• Incentivize. Everyone gets the most out of the program when you understand what will motivate employees to want to be part of it. Look for ways to set the program up as something your top employees want to be part of. One way is to work with HR to make it part of high-performance recognition and connect it to broader leadership development. Provide access to senior leaders and other networking opportunities and, in some cases, the opportunity to travel.
  • Set the right tone. Be deliberate about every aspect of the program initiation to make it feel special. For example, one company invited brand ambassador candidates to a private meeting with the CEO. Once there, they were told they’d been hand-picked for this important initiative and sworn to secrecy until the program was shared more broadly. This made everyone feel special and was especially motivating. Kick-off the program with an offsite to describe the program goals and get feedback from all team members about potential challenges and barriers to success. Put the onus on them to work through how to overcome them in small groups. End with a definition of a charter that all agree to that will ensure accountability as it rolls out.
UCHealth Rebrand Project

UCHealth is an example of a great rebrand project – led by CMO and Club member Manny Rodriguez – where their ambassadors played a core part in the success of its launch and implementation.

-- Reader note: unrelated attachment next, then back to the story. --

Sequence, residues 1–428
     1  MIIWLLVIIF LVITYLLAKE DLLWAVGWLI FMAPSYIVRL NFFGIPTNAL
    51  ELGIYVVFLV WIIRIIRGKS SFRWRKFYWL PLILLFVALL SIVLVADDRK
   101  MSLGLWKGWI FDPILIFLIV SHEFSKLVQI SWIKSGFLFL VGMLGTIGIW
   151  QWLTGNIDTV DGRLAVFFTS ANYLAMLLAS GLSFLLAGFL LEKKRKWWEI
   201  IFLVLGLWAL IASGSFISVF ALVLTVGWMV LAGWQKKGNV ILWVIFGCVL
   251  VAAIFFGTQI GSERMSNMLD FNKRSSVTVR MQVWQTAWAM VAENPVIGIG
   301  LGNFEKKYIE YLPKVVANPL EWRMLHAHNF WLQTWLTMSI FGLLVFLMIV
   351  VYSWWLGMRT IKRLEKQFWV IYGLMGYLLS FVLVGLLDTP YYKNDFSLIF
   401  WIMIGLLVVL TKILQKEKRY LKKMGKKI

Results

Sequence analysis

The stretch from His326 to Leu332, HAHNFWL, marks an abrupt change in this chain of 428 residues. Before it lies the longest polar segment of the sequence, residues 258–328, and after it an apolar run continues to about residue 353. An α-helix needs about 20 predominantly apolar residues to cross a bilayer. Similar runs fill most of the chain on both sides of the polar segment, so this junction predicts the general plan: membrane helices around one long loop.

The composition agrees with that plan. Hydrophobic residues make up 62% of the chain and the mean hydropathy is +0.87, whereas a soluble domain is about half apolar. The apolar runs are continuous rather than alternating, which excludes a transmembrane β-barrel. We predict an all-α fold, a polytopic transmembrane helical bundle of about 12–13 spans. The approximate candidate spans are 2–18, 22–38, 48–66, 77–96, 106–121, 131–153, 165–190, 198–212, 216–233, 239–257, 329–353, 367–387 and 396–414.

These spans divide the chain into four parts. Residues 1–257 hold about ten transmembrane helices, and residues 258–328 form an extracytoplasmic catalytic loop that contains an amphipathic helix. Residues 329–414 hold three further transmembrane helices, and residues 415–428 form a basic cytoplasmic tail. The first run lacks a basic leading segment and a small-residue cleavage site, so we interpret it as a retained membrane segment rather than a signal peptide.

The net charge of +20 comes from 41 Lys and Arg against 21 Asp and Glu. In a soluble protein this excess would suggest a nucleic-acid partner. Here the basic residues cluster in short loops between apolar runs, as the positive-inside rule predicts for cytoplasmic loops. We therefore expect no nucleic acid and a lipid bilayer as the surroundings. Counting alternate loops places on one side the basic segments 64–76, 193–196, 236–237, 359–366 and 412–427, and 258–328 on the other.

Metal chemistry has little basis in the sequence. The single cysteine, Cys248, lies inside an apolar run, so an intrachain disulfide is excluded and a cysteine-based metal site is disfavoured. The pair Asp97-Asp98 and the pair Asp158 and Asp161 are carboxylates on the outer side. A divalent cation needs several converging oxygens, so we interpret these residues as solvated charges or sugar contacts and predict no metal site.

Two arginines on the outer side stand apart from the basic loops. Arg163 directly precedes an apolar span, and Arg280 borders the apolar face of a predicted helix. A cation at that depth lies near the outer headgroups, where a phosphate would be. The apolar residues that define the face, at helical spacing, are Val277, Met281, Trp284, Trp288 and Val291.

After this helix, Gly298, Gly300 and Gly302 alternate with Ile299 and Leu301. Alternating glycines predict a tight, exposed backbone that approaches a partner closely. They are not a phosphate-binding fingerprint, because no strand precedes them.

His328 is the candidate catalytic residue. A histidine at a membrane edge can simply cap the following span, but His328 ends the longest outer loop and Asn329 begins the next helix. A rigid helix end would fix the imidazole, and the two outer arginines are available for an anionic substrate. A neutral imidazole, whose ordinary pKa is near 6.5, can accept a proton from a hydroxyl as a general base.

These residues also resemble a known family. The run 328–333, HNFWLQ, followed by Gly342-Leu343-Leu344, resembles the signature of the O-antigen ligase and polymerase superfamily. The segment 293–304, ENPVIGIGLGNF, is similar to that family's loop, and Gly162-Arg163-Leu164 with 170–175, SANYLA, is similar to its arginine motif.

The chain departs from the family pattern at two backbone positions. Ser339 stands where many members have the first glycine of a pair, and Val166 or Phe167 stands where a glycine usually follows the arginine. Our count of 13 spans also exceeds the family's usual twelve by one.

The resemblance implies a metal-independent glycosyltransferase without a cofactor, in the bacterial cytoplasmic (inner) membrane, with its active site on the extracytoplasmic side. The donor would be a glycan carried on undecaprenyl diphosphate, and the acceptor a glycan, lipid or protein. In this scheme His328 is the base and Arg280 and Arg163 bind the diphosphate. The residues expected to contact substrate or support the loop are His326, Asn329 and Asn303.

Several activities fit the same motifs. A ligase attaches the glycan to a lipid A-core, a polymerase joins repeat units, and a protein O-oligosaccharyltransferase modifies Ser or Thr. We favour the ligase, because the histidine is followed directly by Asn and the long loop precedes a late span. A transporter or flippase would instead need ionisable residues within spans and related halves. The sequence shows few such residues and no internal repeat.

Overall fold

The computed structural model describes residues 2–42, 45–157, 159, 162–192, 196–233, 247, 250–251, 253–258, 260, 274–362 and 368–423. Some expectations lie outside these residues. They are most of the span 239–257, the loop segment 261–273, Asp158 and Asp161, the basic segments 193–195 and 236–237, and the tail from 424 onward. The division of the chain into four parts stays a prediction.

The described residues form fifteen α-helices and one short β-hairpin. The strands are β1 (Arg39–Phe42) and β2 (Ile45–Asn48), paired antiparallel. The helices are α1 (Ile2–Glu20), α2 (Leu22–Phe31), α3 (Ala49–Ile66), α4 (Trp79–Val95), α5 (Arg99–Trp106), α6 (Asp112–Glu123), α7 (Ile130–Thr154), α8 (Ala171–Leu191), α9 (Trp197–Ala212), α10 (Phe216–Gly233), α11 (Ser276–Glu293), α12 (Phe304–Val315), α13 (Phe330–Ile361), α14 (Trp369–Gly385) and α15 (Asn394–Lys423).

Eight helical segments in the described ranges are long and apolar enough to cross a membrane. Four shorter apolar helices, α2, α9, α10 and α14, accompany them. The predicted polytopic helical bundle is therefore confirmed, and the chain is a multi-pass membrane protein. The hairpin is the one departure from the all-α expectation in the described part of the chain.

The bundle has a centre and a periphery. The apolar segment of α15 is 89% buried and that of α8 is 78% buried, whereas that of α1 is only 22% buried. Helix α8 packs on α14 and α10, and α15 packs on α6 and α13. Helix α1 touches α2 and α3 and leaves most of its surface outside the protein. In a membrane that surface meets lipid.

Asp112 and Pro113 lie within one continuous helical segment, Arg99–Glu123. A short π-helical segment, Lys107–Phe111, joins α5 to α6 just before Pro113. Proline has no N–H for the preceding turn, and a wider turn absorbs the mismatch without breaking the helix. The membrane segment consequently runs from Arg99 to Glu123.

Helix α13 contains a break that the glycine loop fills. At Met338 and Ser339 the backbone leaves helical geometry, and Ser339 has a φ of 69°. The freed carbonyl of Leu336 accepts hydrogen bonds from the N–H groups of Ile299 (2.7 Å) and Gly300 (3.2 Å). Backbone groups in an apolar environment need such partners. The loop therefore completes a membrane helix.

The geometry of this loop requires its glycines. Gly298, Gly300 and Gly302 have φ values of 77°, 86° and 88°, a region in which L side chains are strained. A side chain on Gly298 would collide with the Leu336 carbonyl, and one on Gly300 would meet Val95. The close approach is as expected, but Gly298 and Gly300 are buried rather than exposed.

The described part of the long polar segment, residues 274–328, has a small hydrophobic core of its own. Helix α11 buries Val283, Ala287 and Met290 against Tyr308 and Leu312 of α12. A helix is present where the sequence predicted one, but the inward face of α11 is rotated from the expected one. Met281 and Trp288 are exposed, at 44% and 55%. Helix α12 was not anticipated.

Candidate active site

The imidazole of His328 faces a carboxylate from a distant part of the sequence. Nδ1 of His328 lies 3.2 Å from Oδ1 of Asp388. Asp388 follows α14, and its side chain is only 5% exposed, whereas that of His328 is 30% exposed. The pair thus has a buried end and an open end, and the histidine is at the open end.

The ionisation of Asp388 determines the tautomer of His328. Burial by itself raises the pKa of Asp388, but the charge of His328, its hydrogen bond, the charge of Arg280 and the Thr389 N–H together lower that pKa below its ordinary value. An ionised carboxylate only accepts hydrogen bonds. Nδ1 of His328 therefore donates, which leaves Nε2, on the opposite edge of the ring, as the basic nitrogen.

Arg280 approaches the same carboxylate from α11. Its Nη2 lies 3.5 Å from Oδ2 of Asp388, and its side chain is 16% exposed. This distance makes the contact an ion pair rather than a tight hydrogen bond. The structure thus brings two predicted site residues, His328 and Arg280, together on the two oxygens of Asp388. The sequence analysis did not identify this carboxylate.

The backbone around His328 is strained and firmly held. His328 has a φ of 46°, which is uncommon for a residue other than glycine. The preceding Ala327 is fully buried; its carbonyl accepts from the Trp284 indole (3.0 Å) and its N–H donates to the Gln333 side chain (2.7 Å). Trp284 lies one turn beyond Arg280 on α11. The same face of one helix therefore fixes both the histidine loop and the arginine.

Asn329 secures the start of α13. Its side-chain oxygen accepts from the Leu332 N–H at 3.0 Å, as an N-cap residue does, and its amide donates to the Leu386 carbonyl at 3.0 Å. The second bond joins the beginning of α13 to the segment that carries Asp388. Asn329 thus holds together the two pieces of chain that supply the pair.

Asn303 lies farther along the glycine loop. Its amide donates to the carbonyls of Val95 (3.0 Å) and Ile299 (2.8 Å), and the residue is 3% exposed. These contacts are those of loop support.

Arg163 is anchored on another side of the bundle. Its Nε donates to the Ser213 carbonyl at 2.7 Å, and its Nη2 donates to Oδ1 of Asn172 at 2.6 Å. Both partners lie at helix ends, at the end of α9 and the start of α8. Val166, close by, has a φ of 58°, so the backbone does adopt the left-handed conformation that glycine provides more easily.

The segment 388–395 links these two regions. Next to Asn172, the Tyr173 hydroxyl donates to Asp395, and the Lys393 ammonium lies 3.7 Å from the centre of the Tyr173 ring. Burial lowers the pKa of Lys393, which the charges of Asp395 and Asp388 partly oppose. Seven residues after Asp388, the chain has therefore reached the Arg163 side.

Stage Three: Sustain

The goal of your brand ambassador program is that it becomes something rooted in the organization and part of the operational budget, not a one-off. This requires continued evolution and creative ideas to keep it fresh and relevant.

  • Communicate the successes. Maintain the program front and center of the organization by communicating the achievements of the program every year. This could be in the form of a short video or via regular email updates.
  • Relinquish ownership. Your role – or the role of your report who is driving the program – is to be a mentor and guide for the brand ambassadors. The goal is that, over time, they’ll take increasing ownership and responsibility for the activities and priorities based on the evolving needs of the business.
  • Make it a tour of duty. Creating a clear start and end date ferments a sense of renewal and allows the program to stay fresh. Ambassadors should “graduate” every 2-3 years, ushering in a new set of recruits. “Alumni” can stay involved and remain mentors to the new charges.
  • Transform Ambassadors into Trainers. Team members that go through the brand ambassador program often end up training new employees and have enormous power to make or break new talent. So, make trainers the focus of brand identity education and incentivize them to rise as leaders, highlighting how their performance as brand champions paves the way to management roles.

Moving toward a corporate culture that values employees and capitalizes on brand champions has an enormous positive impact on the organization – not just because engaged employees perform better but because consumers identify more and more with brands that represent their values in and out of the company. Harness the power of your employees, drive transparent conversations, promote brand culture through influencers and reward outstanding performance in a way that makes people feel like they’re part of something bigger. Because, when you show you care about people, people care about you.